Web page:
The idea of moving between worlds and the fractured identities which that creates factored largely in Martin Scorsese’s 2006 Oscar-winning hit The Departed. Best known for his films set in and around New York, Scorsese made a splash by returning to the gangster genre and transplanting the action to Boston. While the director may have picked Boston for the tax credit, the city also gave him the perfect visualization of his heady motifs of identity crises, doubles and existentialism. As Boston’s own Mark Wahlberg says to police cadet Leonardo DiCaprio, whose character split his childhood between a sheltered upper-class life on the North Shore and the tough streets of Southie, “You were a kind of double kid, right? … You have different accents? You did, didn’t you? You were different people.” Throughout the film, DiCaprio grows increasingly unstable, caught between the police and a powerful Boston crime organization. He’s split between two worlds, and his inability to reconcile these two identities becomes one of the film’s essential themes.

Beneath the slick veneer and stylish action scenes of 2010’s The Town, as well, lies the representation of a segregated Boston community. The film features many tightly framed aerial shots of Charlestown, portraying it as an enclosed area, isolated from the rest of the city. Ben Affleck’s bank robber longs to get away from the life of crime Charlestown has made for him, but forces conspire to keep him trapped. His one chance of escape lies in his forbidden love for a “toonie” girl, an outsider from the more privileged Marblehead. In Marblehead “you were defined by whether or not your family owned a boat.” In Charlestown, “people with two toilets were fancy. We had one and it hardly flushed.” Though they’re only separated by about 15 miles, the two towns are worlds apart for the characters in the film. The Town contends that people are defined by their environments, and breaking away is never easy.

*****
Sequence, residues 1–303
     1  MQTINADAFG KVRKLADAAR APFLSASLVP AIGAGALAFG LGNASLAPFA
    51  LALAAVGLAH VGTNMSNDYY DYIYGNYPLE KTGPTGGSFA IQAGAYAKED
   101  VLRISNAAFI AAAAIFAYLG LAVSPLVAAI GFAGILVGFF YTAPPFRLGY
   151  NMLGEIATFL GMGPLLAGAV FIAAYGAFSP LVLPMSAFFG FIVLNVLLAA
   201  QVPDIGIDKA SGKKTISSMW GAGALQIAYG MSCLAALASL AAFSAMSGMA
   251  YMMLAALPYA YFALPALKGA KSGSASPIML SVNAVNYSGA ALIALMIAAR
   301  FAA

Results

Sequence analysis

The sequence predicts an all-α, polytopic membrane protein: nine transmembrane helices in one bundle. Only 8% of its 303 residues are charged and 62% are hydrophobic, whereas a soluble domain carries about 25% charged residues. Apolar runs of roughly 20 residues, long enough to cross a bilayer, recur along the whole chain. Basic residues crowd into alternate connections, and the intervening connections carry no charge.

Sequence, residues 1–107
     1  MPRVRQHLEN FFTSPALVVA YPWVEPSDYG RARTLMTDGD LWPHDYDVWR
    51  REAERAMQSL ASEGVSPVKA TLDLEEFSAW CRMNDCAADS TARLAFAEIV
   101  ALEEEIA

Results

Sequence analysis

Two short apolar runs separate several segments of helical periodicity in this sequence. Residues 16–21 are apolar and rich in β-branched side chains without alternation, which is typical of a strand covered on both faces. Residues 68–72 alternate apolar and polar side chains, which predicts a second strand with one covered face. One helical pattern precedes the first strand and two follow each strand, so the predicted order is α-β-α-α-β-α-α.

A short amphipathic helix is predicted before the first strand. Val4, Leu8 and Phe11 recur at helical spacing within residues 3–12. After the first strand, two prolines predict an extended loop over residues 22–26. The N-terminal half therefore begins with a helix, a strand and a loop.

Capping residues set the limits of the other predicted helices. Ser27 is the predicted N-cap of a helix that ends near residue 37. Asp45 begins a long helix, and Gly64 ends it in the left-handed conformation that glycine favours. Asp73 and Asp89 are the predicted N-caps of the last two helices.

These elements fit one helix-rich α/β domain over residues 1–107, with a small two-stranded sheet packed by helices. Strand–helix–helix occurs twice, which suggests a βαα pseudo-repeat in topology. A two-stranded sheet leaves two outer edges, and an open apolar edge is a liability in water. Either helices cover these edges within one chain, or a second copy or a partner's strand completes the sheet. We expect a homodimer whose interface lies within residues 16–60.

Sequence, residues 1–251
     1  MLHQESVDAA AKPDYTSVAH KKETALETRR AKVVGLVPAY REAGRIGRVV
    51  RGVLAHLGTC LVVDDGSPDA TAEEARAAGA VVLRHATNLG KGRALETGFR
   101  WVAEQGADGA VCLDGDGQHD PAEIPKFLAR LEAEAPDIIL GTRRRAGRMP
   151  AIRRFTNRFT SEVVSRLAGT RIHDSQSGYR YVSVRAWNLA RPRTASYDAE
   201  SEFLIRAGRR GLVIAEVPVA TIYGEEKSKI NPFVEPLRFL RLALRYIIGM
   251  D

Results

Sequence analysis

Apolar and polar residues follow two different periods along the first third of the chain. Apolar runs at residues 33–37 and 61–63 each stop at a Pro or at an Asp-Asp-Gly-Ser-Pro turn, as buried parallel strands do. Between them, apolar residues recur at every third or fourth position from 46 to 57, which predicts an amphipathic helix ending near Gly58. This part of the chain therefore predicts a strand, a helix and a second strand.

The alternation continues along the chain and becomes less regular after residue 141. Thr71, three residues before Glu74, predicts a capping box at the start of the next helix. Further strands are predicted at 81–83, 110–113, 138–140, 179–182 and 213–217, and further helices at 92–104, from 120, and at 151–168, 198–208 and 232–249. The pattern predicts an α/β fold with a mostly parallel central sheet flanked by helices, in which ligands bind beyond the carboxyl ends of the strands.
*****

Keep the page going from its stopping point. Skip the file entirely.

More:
The visual representations of Boston also speak to the city’s multifaceted personality. For my money, the most interesting visual rendering of Boston comes from The Social Network. David Fincher’s cold, metallic palette combines the evocative grittiness of Boston’s ‘street films’ with the smoother tones of its ‘campus films,’ exploding the myth of Harvard as a verdant beacon of idealism and decency.

Whatever visual look or narrative themes they employ, Boston’s impressive catalogue of films proves that the city has something to offer any filmmaker or filmgoer. While the film tax credit may have been responsible for luring productions to Massachusetts, the location has in turn rewarded its films with a dynamic, compelling presence all its own. With the tax credit coming under attack, we shall have to see if Boston’s storytelling potential will be strong enough to continue to draw filmmakers on its own merit. Like any city, Boston has its problems, its social issues and interpersonal hang-ups that may never be resolved, but the problems it does have are uniquely its own. No city is perfect; all we ask is that it have personality. While any one Boston movie may succeed or flop, taken together the strength of the city’s cinematic output proves that Boston has a personality the cinema can’t resist.